Our AIs: A Quick Guide!
Read all you need to know about the AIs we offer and how to use them for your research!
AI? What Is That?
Aromatase inhibitors (AIs) are a class of medicines that work by blocking the enzyme aromatase, the enzyme that converts androgens into estrogen.
We use aromatase inhibitors in the treatment of breast cancer to reduce levels of circulating estrogen.
So they lower estrogen levels by stopping an enzyme in fat tissue from changing other hormones into estrogen.
There are three aromatase inhibitors: anastrozole, exemestane, and letrozole.
Since AIs lower estrogen, they are an excellent way to help in the fight against gynecomastia. By blocking estrogen, these kinds of breast tissue will not be able to grow.
Why Should You Use An AI?
There are a few reasons why you should use an AI. The most obvious one is to block out estrogen.
In the case of research purposes, AIs can be very helpful in some situations.
We all know we need estrogen in the body for several reasons (strong bones, healthy joints, sexual performance…).
But we also know that too high estrogen levels can be very counterproductive for research purposes.
In most cases, the body is very efficient in regulating the balance of our testosterone/estrogen levels, but there are some situations where the body might need some help.
Highly Aromatising Compounds
When you start your research with a (or more) highly aromatizing compound, you should get an AI right away as a research auxiliary.
Aromatizing compounds will cause estrogen levels to rise too much to regulate them properly.
This means estrogen levels will be sky high and testosterone/estrogen balance will be out of balance.
As these compounds keep lowering testosterone levels, the research subject will be extra vulnerable to these high estrogen levels down the research and especially after the research.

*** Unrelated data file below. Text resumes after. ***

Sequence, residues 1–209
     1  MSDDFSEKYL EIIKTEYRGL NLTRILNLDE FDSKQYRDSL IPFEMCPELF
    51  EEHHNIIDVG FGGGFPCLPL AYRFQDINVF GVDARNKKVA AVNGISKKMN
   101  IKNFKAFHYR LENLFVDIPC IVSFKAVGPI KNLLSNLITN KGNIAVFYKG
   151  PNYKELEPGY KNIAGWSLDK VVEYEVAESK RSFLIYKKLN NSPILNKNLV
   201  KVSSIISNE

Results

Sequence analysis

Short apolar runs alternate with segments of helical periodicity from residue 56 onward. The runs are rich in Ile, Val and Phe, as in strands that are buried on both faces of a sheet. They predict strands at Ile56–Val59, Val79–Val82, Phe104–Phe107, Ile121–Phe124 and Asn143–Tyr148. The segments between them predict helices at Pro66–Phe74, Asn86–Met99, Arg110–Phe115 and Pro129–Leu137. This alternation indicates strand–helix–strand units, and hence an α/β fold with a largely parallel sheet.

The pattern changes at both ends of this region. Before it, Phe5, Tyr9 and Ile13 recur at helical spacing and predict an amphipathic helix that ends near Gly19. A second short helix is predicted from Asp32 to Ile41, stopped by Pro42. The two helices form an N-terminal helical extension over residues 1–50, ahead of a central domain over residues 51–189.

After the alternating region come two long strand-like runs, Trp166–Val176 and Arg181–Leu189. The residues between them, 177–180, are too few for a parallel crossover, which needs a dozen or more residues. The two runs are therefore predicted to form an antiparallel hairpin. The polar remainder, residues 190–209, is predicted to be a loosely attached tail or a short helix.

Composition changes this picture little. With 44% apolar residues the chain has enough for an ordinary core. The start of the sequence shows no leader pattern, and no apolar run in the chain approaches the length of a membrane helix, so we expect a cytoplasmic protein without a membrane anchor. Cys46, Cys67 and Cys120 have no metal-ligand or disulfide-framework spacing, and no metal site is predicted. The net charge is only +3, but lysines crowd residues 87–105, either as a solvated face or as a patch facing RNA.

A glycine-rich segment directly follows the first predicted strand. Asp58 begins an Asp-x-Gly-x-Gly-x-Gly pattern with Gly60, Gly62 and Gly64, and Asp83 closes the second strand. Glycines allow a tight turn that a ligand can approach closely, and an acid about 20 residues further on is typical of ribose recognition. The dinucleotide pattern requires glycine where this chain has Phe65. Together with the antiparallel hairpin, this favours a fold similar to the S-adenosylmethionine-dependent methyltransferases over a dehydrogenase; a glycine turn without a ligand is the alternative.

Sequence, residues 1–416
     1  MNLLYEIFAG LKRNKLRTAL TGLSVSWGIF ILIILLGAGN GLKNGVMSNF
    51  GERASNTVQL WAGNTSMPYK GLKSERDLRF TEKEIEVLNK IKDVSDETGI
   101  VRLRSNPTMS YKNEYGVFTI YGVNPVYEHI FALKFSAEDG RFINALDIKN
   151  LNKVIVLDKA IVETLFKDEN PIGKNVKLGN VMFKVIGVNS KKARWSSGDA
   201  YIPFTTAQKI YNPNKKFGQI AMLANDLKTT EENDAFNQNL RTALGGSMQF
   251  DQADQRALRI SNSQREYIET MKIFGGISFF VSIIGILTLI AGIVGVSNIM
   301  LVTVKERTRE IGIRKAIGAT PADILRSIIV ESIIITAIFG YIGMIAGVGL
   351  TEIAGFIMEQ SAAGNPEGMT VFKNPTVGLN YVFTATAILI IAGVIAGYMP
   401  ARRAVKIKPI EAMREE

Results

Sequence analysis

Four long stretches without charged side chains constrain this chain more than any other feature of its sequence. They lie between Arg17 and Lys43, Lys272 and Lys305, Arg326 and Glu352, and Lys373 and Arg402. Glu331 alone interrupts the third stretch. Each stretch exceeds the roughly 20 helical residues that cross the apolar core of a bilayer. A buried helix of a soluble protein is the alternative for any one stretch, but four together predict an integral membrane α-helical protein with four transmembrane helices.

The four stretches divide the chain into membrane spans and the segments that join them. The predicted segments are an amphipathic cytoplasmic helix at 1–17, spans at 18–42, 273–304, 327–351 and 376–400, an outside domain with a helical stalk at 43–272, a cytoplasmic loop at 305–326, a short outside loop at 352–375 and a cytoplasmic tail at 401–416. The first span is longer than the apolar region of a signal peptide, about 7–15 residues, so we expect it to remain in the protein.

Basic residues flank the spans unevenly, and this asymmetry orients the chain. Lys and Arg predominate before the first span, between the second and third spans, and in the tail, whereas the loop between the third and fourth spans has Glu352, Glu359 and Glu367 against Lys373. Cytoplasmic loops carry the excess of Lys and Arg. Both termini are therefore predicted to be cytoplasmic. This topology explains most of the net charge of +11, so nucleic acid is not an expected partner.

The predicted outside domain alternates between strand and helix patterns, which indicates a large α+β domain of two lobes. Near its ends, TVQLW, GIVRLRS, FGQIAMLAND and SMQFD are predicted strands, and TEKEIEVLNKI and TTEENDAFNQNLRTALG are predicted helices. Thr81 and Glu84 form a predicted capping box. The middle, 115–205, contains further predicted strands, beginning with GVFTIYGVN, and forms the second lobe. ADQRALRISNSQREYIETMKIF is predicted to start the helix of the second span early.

So always check for the aromatizing nature of the compound. If it does aromatize, be sure to have an AI on hand.
Stacking Suppressive Compounds
When stacking suppressive compounds, this means that exogenous testosterone will rise very strong.
The excess of incoming testosterone in the test subject will cause a serious drop in SHBG and will kick endogenous testosterone out of androgen receptors.
The effect of this will cause a boost in free testosterone. This overload of free testosterone will aromatize causing estrogen levels to go way up.
In this case, it will be very useful to have an AI on hand for the first weeks of the research to counteract this situation.
When Should You Use An AI?
This is more about the timing than about in which situations.
The use of an AI will be pretty much the same in all of these above situations.
- Use the AI once a day at the same moment
- AI is needed especially at the start of your research
- Only use an AI when needed
Pretty simple, right.
AIs are dosed once a day so that’s the easy part.
As we mentioned before the moment you will need an AI will be in most cases at the beginning of the research. When using highly aromatizing compounds you will need it throughout the research.
If one of the above situations is applicable to your type of research: you need an AI on hand.
The AIs We Have For Your Research
Anastrozole (a.k.a. Arimidex) is FDA approved to treat postmenopausal women with breast cancer that responds to estrogen-receptor treatment. It is primarily used to treat women with advanced disease progression, especially if they have received tamoxifen treatment before. It can also be used as first-line therapy as well.
The dosage for Arimidex is 1 mg once daily with or without food.
Exemestane (a.k.a. Aromasin) is FDA approved to treat estrogen-receptor-positive breast cancer in postmenopausal women after 2 to 3 years of tamoxifen therapy. It is primarily used to treat the advanced progression of breast cancer after tamoxifen treatment has failed.
The dosage for Exemestane is 25 mg once daily after food intake.
Which One Should You Pick?
Both of these products are FDA approved so they both are safe to use.
They are very similar so have the same benefits and almost the same side effects.
They both block out aromatizing in a very efficient way.